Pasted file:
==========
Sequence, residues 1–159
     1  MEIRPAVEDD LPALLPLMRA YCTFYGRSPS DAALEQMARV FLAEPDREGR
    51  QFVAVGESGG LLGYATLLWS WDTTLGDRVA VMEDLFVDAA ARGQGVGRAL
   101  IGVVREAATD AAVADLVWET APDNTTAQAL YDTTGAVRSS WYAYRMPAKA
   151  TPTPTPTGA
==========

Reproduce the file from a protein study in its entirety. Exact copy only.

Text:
Sequence, residues 1–159
     1  MEIRPAVEDD LPALLPLMRA YCTFYGRSPS DAALEQMARV FLAEPDREGR
    51  QFVAVGESGG LLGYATLLWS WDTTLGDRVA VMEDLFVDAA ARGQGVGRAL
   101  IGVVREAATD AAVADLVWET APDNTTAQAL YDTTGAVRSS WYAYRMPAKA
   151  TPTPTPTGA